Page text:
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Canterbury Cathedral: The Canterbury Journey

The restoration of Canterbury Cathedral is part of ‘The Canterbury Journey’ project – a five year development that will conserve and safeguard Canterbury Cathedral’s heritage for future generations and enrich the experience of those who visit it.

The work has been made possible thanks to the Heritage Lottery Fund providing a grant of £13.8 million alongside the generosity of donors in the UK and USA who have given £10.9 million through the Canterbury Cathedral Trust. £250,000 was also donated by The Friends of Canterbury Cathedral.

Speaking to Premier Construction magazine about the project, Project Director Mark Hosea said: “The whole project contains lots of different capital works in terms of conservation, restoration and new build elements in and around the Cathedral and its Precincts, but also because it is significantly funded by the Heritage Lottery Fund; it also includes lots of engagement, outreach and education outcomes.”

During the course of the project, the western end of the Cathedral is being restored and enhanced with repairs to the West Towers, Nave roof and Christ Church Gate, as well as landscaping work to significantly improve access and bring visual coherence to the South Precincts.

Mark added: “We are re-roofing the whole Nave. It has a temporary roof covering at the moment so all of the lead can be stripped off and sent away to the smelters and then brought back to site to give it a new life span. Any timber repairs and replacements will be carried out at the same time so the roof will become watertight and structurally sound for the next 100 years. We are also doing stone restoration and replacement on the Nave and the west front, West Towers and Christ Church Gate.”

Canterbury Cathedral

A new Welcome Centre will provide information, ticketing services and shop. In addition, a purpose-built community space will host a range of activities and events that could include anything from messy play for children to workshops and seminars; a truly flexible and multi-purpose space.

“At the moment you can’t really see the Cathedral unless you pay to enter the Precincts, whereas with Heritage Lottery Funding, it is about access and equality for all, and therefore as part of the Welcome Centre there will be a free-to-enter viewing gallery constructed where you can find out more about the Cathedral, see objects from the collections and see views that have never been seen before. At that point if you wish to purchase a ticket, you can do so and experience it for yourself,” said Mark.

Finally, new interpretation trails, exhibitions, online resources and a multi-media guide will open up access to the Cathedral’s historic treasures.

Commenting on the importance of the project not only to the community, but to himself, Mark said:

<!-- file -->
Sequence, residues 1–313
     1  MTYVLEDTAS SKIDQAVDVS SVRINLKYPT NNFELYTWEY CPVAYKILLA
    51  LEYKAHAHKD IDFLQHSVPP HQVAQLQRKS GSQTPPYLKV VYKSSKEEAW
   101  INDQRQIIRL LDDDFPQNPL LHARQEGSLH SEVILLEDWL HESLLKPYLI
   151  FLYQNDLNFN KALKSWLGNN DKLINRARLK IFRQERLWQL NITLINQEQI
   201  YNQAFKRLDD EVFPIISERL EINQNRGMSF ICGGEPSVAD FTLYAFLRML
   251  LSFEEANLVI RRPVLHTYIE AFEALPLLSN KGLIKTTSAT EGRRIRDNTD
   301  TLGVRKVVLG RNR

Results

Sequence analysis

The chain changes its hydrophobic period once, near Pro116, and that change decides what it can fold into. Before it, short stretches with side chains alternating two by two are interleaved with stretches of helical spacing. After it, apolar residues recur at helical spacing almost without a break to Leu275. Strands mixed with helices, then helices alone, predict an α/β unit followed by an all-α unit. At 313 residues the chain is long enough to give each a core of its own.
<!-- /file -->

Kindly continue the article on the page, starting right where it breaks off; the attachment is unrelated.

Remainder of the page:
“Canterbury Cathedral is the mother church of the Anglican Communion, so it has a global audience that engages with it from a religious perspective, but it is also part of a World Heritage Site and the local community, so different audiences engage with it from cultural, historical and heritage perspectives too. So the project will create an environment and legacy that is befitting of a building of this significance and importance, creating facilities and a general environment that leaves a legacy for future generations to enjoy.

“For me, day to day it is strange, because you come to work and do the job, with days often spent in meeting rooms where you can become oblivious to your surroundings and other days you can be on site with works and are just overwhelmed and in awe of the building and the people working on it. That’s the thing, it’s all about the people, whether they are staff, volunteers, worshipers or visitors, this place is for them and their enjoyment of it and it doesn’t function without them. From my perspective I am part of a team that is on a literal journey, creating a new history working on the Cathedral and its Precincts; but we are part of the continuity of other people who came before us for hundreds of years delivering similar works and those that will come after us. For me it is an honour to work on a building of this nature with the team we have got, and that is what I will take away with me when this project completes. Before this, I worked on York Minster doing a similar job and so when I look back on my career, I will look back on it with great fondness having worked on two amazing buildings of such beauty and significance.”

For more information visit: https://www.canterbury-cathedral.org/learning/heritage-lottery-funding-the-canterbury-journey/ or @No1Cathedral on social media.

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